Three Cuts: Minor homers, stifles Mets; Braves streak on
Mike Minor homered and struck out 10 as the Braves beat the Mets 6-0 for their eighth straight win.
By STEVE EUBANKSFS South
The Braves picked up their eighth straight victory Saturday night, beating the Mets 6-0 in weather better suited for football or reading by a fire. Lambeau Field in December had nothing on Citi Field this Memorial Day weekend Saturday. Fans broke out the mittens and ski caps and winds gusted upwards of 30 mph throughout the night. The temperature hit a high of 56, but the cold north wind made it feel more like 39. Here are Three Cuts from the Braves' blustery win:
1. Some nights you can do no wrong
It was shaping up to be a great pitcher’s duel between
Mike Minor, who came into this game with a 1-1 record and 4.76 ERA against the Mets, and Dillon Gee, who was 3-2 with a 3.13 ERA against the Braves but who had lost his last three starts. Both pitchers gave up only three hits and no runs through four innings, and both seemed to be in command of their breaking balls.
Then with two outs in the top of the fifth inning, Chris Johnson caught a break when a fly ball to left field that normally would have been fielded to end the inning danced like a kite in the wind and fell just out of left fielder Lucas Duda’s reach for a hit.
That brought Minor to the plate for the second time of the night. His first at-bat resulted in a single to center field, but with Dee mixing a good fastball in with a battery of changeups, no one expected much from Minor. Some of the Braves already had their gloves in hand, ready to take the field.
But Minor surprised everyone, including himself, by hitting his first career home run through the wind and into the left-field seats. Every player in the Braves' dugout slapped Minor on the back after he crossed the plate and the smile didn’t leave his face for the rest of the night.
Perhaps inspired by the batting prowess of their pitcher, Andrelton Simmons hit a double immediately after Minor’s homer. Then Jason Heyward hit a hard single to right to drive Simmons home.
Justin Upton, who was 1-for-12 this season with two outs and runners in scoring position, ripped a double down the left-field line to score Heyward.
Freddy Freeman then singled to drive Upton home. Before Evan Gattis fouled one back to the catcher, the Braves put up five runs on six consecutive hits, none bigger than the home run by Minor, which was like a shot of adrenalin through the Braves dugout.
2. Minor continues to pitch like the ace of the starting rotation
Minor improved to 6-2 with a 2.47 ERA and 61 strikeouts in 65 2/3 innings. And to prove those numbers are not an anomaly, his ERA in his last 19 starts of 2012 was 2.78.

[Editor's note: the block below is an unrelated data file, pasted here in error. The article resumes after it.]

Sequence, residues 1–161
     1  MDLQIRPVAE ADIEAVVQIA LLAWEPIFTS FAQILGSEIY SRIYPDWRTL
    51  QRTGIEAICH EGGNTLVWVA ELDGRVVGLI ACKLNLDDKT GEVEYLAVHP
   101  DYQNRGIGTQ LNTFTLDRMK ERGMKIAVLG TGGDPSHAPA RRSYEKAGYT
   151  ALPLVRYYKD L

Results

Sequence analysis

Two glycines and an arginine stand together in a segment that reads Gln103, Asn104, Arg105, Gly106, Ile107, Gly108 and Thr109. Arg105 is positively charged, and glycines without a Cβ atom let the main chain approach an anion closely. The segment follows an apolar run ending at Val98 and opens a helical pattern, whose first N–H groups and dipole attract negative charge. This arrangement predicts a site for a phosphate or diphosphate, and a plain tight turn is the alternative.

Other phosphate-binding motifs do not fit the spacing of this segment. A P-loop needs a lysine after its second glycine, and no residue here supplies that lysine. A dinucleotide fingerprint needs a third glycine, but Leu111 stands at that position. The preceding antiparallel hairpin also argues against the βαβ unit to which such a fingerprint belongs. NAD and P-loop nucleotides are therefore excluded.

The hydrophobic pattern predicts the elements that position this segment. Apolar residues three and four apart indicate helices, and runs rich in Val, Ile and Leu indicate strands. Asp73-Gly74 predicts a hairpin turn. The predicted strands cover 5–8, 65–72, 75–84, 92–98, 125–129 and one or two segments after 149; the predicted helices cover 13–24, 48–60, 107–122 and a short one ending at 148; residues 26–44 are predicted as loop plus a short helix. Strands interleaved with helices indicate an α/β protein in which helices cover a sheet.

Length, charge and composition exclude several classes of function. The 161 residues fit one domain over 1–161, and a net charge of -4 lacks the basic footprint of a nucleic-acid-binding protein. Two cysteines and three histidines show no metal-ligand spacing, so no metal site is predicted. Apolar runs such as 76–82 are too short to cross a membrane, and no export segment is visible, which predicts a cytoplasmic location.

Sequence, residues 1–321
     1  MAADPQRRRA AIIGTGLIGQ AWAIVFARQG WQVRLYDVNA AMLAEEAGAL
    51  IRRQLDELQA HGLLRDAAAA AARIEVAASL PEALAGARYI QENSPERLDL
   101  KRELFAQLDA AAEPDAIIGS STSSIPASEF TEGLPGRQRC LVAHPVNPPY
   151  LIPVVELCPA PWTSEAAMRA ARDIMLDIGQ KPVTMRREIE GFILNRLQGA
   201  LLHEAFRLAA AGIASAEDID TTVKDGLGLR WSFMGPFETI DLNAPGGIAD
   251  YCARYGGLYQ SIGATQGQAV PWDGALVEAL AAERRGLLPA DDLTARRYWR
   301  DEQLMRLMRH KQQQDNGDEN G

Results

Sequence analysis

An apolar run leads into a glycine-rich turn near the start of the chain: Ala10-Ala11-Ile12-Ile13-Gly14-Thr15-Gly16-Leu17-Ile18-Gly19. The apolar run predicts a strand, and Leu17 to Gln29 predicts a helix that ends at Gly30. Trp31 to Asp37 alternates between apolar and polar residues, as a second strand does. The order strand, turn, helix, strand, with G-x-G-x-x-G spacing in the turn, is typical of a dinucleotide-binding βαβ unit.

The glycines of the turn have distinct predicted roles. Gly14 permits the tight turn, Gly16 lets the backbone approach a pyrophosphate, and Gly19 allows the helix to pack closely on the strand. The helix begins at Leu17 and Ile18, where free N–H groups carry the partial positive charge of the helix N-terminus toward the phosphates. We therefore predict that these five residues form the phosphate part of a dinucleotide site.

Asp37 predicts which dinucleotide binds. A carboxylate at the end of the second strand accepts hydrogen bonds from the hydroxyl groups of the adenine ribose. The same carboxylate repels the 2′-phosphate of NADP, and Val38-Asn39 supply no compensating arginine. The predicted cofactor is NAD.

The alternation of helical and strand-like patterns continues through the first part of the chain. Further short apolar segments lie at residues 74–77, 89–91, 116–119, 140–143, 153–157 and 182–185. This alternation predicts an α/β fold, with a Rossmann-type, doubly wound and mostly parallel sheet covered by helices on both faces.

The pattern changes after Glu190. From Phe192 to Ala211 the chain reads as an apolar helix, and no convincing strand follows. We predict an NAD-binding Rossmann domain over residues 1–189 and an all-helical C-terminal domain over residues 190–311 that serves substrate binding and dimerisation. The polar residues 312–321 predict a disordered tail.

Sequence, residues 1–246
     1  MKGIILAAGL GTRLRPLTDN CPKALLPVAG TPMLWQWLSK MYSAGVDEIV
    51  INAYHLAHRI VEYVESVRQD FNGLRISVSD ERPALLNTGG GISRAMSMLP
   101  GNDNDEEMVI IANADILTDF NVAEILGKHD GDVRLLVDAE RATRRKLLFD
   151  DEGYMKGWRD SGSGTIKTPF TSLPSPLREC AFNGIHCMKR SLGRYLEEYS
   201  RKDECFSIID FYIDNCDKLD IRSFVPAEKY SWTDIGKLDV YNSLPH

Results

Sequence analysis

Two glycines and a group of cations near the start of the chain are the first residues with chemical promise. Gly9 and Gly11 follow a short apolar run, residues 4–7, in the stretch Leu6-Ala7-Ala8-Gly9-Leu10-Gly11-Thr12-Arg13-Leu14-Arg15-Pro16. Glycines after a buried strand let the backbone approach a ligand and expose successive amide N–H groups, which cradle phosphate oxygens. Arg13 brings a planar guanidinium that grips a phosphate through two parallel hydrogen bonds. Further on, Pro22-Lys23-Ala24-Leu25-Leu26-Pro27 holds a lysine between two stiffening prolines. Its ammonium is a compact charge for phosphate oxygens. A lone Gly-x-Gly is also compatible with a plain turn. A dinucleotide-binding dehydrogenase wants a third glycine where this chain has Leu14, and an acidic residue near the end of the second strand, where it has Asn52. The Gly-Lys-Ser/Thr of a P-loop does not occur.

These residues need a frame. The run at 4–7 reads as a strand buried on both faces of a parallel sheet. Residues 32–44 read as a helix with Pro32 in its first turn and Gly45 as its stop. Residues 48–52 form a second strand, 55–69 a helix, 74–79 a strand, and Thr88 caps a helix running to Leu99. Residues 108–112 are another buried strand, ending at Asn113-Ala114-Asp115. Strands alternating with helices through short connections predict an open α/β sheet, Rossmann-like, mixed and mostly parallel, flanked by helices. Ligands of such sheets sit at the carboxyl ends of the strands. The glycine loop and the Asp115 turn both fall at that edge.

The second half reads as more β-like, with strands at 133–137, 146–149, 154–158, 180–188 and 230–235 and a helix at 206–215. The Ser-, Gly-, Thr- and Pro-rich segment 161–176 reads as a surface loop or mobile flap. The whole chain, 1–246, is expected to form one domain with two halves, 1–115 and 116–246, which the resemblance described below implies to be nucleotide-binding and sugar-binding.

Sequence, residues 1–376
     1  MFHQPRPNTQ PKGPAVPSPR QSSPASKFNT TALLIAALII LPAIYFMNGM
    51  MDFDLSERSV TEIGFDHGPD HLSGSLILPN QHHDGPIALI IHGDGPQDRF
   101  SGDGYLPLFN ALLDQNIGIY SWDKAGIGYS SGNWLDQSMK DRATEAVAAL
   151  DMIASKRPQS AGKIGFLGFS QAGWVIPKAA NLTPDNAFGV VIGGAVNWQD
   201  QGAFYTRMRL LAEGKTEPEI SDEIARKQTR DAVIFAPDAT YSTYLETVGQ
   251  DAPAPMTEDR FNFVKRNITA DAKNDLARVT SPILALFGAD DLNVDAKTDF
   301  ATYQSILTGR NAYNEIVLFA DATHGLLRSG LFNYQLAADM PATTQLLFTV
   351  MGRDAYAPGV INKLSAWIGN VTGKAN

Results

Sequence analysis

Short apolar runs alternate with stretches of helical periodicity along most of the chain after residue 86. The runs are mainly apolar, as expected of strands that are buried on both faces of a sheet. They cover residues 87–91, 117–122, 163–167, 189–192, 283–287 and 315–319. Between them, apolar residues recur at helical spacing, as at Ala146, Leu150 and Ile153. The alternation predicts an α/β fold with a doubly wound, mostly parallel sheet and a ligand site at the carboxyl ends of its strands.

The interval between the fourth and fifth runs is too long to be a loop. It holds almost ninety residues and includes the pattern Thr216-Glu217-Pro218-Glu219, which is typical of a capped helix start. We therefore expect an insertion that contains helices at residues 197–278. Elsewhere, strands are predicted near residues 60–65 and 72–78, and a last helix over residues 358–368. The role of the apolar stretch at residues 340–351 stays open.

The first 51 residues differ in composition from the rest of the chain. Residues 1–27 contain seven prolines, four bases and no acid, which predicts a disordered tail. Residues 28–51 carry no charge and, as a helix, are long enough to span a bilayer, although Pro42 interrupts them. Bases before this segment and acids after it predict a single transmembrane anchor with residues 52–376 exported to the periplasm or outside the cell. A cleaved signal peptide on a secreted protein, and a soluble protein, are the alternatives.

The most interesting aspect of Minor’s dominance is the fact that his fastball isn’t that fast. If his hardest pitch hits 91 mph, there is a hard tailwind.
Minor has become a master at nibbling the corners and strategically picking the right pitch at the right time. His curveball, slider, changeup and fastball cover all points on the plate and he seems fearless when it comes to throwing the pitch that is least expected.
He reached this point by breaking the plate into thirds and making sure he could hit his third with each pitch in his arsenal. Then he made the target smaller. His control improved, and his ERA plummeted as ground-ball outs increased.
Minor now has the lowest pitches-per-game count of any Braves starter, averaging only 88.9 throws in almost seven full innings of work per outing.
It’s impossible to predict how his season will end, but the last 12 months prove that Minor is more than just today’s hot hand.
3. The Braves continue to spread the hits and runs around
When you look at the overall batting averages, they shouldn’t be as good as they are. Dan Uggla, the hero of the rain-delayed game that finished earlier on Saturday, is batting .189, while Andrelton Simmons is hitting .229, well below his career average.
Up and down the lineup there are hitters whose numbers don’t match the perception of what this team has done in the first two months of the season. That is because each night there seem to be different hitters who comes through.
Saturday night at Citi Field it was Chris Johnson and Mike Minor who put the first runs on the board, hits that rattled Gee and allowed the flurry of runs that followed. Earlier in the day it was Uggla in extra innings to lock up the rain-delayed victory, and Friday night it was Evan Gattis who put the Braves in position to keep their winning streak alive.
As long as one or two batters come through at critical times, the overall averages don’t really matter. It’s only the wins that count.